I was not the only one watching their actions – suddenly the peace and quiet of the early morning was interrupted by bird calls, whirring of wings and the scratchy sound of squirrels’ claws going headfirst down the nearby trees, as they all gravitated in gratitude toward the picnic table with its yeasty tidbits. I watched for a while, took some photos and left, vowing to return with my own boule.
Flash forward a few weeks, and, I went shopping for a boule and there were none, but I got two baguettes instead. I likewise tore each two-foot-long loaf of bread into manageable chunks and distributed it along the table. Once again, feathered and furry critters began coming out of the woodwork.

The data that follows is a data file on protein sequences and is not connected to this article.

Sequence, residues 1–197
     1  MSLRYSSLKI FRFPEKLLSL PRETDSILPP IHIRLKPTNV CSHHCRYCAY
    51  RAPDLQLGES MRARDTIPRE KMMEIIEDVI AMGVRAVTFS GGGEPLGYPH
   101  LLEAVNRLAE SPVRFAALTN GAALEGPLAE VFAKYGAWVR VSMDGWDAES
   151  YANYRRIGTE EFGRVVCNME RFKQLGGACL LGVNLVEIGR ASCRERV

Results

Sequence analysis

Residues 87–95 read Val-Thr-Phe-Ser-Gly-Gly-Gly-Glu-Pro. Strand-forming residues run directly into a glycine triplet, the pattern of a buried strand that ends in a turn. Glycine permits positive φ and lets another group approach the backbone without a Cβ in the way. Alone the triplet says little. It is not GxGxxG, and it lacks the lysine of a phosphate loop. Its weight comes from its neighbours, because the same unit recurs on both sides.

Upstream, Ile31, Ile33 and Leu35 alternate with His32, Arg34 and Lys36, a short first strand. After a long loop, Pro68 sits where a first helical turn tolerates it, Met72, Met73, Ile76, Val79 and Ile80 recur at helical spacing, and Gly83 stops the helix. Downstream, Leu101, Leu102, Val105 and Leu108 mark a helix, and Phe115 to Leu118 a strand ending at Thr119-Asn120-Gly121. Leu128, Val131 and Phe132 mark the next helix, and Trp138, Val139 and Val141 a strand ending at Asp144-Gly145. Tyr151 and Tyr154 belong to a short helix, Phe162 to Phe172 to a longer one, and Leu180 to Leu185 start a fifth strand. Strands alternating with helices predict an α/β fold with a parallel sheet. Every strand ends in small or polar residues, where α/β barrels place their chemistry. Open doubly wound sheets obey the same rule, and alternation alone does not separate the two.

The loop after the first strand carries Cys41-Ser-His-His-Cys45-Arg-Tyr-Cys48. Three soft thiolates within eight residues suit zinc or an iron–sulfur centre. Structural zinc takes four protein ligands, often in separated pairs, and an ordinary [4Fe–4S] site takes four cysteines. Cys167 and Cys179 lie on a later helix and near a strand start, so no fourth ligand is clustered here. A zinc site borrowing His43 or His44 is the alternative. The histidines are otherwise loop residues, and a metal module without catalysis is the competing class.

I did not return to Elizabeth Park until the Wintertime of 2018 and noticed the picnic table was not there – was it tucked away somewhere until Memorial Day, the gateway to Summer, when people haul out their picnic feasts for the first time in the year? I glanced around and saw a tree from where bird feeders and a suet holder were filled to the brim and an array of birds were alighting at the various feeding stations, enjoying the seeds and suet that were there. Amazing I thought … some kind-hearted souls are ensuring the birds can find food in Winter by filling up the feeders. I decided to do something similar with “my” birds at Council Point Park. There is a tree near the picnic tables and I left seed bells and suet near there for them. I have kind of adopted this tree – it does not have a memorial plaque beneath it and our City no longer sells memorial plaques for their trees.